It’s called the Venice of the north and with good reason.
The charming canals and medieval buildings are a magnet for couples looking for a romantic backdrop to their Valentine’s Day.
Most recent figures show 8.3 million people visit Bruges from all corners of the world and there’s nothing like a canal tour to understand why.
It’s still chilly, the perfect opportunity to cuddle up as the boat cuts through the glassy water in the morning mist.
Boat rides are a tourist’s favourite and now visitors have one more reason to enjoy the experience.
In mid-January, the city introduced the first electric boat as part of a plan to fully replace the existing 20-strong fleet of diesel models.
Pierins Philip is Bruges’ Alderman for Tourism. He says the city first attempted the switch to electric engines ten years ago but plans were put on hold due to technical and safety issues.
Now thanks to engineering advancements, city officials have finally given the green light to a water transport overhaul.
“Now technology has changed and we have the first very good electrical boat now here on the canals that we are using. Every two months another boat will be replaced by an electric boat. So we need three years further (and) all the boats are going to be electric,” Philip explains.
The electric boats are powered by lithium super B batteries and cost 280,000 euros (305,000 dollars) each.
Five companies operate canal tours in Bruges, each owning four vehicles. The Gruuthuse company was the first to go electric.
Pierre Pesch is the driver of Gruuthuse’s electric boat.
“There are no exhausts here of course, it’s completely, I mean neutral, isn’t it? But of course these boats are much quieter compared to the diesel engines, of course those drab diesel engines. Times are changing, aren’t they? So are we,” he says.
Twenty-first century pressures including climate change are driving change in this Medieval city, as it tries to maintain its picture-perfect, historical looks which have won its plaudit as a UNESCO world heritage site.
The city’s agenda is to back bicycles, electric boats and limit the numbers of tourists who take quick stop offs from cruise ships.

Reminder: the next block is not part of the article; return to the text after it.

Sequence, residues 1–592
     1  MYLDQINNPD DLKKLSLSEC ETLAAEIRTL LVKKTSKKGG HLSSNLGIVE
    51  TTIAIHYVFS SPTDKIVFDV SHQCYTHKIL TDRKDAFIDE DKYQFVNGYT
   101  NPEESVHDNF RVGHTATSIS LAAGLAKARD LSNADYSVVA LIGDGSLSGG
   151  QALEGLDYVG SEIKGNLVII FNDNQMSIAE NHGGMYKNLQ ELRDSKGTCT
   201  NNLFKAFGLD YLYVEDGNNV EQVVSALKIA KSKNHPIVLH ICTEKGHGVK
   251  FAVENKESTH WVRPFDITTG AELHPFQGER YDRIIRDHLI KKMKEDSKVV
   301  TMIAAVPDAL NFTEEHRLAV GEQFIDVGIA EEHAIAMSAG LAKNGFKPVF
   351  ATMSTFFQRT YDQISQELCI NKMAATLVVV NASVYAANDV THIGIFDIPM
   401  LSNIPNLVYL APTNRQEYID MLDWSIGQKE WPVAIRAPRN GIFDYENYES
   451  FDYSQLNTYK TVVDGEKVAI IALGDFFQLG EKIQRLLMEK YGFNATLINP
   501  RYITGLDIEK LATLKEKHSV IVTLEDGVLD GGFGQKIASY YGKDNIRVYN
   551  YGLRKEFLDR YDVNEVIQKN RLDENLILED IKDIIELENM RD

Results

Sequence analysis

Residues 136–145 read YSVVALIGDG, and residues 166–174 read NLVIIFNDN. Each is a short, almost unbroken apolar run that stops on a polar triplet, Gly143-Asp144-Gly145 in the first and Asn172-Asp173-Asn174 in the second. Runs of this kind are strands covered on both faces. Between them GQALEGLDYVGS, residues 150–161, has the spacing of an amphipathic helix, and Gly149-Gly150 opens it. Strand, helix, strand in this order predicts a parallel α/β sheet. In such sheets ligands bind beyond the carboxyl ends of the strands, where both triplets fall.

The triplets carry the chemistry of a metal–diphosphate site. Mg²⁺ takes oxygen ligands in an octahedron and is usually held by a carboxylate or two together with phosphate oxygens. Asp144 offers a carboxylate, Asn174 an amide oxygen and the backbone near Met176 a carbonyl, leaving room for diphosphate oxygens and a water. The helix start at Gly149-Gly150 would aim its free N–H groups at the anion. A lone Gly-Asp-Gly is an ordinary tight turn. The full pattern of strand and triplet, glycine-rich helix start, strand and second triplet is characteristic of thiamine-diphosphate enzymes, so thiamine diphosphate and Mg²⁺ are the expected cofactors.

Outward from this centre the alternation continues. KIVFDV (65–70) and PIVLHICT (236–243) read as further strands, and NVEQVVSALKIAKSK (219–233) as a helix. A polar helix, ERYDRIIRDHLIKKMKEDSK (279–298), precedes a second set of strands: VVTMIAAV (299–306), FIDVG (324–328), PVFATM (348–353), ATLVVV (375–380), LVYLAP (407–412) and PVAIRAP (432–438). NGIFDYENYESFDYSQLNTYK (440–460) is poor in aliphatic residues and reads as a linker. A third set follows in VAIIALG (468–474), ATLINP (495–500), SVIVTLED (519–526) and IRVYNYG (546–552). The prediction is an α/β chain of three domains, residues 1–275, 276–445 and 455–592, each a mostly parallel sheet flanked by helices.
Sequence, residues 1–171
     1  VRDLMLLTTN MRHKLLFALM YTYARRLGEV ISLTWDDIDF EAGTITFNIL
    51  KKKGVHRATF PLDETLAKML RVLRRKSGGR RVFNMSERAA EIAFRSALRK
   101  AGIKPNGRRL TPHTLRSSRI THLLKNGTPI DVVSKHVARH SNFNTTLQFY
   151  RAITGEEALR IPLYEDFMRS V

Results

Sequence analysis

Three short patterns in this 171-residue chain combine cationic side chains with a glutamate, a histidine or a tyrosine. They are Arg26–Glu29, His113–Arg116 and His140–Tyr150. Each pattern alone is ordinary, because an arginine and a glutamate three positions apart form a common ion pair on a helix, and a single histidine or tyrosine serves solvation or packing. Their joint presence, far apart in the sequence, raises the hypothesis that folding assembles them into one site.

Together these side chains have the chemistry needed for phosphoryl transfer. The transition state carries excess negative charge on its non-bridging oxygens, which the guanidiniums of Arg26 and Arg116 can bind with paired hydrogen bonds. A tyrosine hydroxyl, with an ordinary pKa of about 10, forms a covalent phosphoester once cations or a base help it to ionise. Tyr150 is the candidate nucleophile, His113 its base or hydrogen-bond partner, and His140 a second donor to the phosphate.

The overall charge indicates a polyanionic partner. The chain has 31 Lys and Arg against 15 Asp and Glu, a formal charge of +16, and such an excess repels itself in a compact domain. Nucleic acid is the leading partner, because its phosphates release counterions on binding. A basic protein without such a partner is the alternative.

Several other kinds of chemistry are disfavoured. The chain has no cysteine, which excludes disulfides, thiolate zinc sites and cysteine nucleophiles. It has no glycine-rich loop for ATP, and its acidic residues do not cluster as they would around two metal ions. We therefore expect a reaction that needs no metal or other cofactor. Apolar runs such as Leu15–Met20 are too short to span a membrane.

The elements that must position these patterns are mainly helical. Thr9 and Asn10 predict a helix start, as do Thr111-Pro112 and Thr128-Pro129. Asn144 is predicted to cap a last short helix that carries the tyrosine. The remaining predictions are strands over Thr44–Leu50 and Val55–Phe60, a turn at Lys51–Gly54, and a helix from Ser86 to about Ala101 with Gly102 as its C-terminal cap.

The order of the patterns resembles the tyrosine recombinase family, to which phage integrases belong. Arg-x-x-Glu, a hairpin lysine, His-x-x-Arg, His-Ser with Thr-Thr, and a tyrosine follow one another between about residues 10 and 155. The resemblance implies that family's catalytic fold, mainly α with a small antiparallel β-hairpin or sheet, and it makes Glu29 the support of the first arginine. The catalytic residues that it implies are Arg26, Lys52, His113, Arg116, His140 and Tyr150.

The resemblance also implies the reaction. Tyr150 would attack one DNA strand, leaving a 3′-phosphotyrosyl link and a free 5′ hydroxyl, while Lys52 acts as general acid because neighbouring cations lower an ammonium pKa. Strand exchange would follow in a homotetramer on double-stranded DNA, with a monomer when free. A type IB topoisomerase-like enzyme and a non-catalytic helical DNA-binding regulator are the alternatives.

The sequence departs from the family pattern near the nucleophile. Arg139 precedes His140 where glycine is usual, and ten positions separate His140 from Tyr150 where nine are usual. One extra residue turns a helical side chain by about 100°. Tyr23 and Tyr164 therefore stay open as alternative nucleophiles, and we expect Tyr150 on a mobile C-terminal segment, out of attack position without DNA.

Bruges mayor, Dirk De Fauw, says cars are still allowed in the city although disincentives like hefty parking fees are keeping away many drivers.
“Bruges is a bicycle city; nearly 90 percent of the persons are owner of one or more bicycles,” he says.
“More than 40 until 50 percent of the transport between house and school and between the house and the working place is people use the bicycle. We want to have more bicycles in the city and less cars in the city.”
Trucks and tour buses are already banned from the historical centre; the latter can only briefly stop in front of hotels to drop off tourists.
The construction of underground parking is planned, aiming to attract drivers from nearby France or the UK.
The city also plans to eventually replace public buses with electric models, although officials caution that this will depend on financial support from the local government.
The implementation of eco-friendly solutions in Bruges will take years but Dutch tourist Hago van den Berg is already giving the plan the thumbs up.
“Perfect. I think now with all the environment you have to have electric boats, cars, more in the city.”
For Elsa van den Berg, Hago’s wife, what matters most is that Bruges is providing the perfect backdrop to the couple’s much-needed romantic break.
“We’re here because we wanted to go out for a weekend together. We have a little daughter of about two years old and it was time that we had some time for each other”, Elsa van den Berg says.
Successful trading here enabled Bruges to become an important commercial and art centre during Medieval times.
In the 15th century, it was one of Europe’s richest cities and home to Flemish masters such as Jan Van Eyck.
Tourism officials say the city is already booked up for Valentine’s Day.
City official Annick Vandamme recommends the city’s chocolatiers.
Two years ago the city launched a fair-trade chocolate bar – Sjokla – produced by local chocolate-makers with a blend of cocoa beans from producers in Cameroon as well as other places.
Sjokla, which means chocolate in the local dialect, is sold at dozens of shops throughout the city.
“We are very proud of it. We do this because chocolate is kind of the DNA in Bruges. We have more than 60 chocolate shops in Bruges and we find it very important to keep the quality high but also respect the local craftsmanship of people who are working in the chocolate industry,” Vandamme says.
You can’t pass many of the quaint shops without seeing heart-shaped and romantic offerings for Valentine’s Day.
Here the Grand Café offers just locally sourced produce.
Eco-conscious couples can enjoy their Valentine dinner knowing that many restaurants here are striving for sustainability.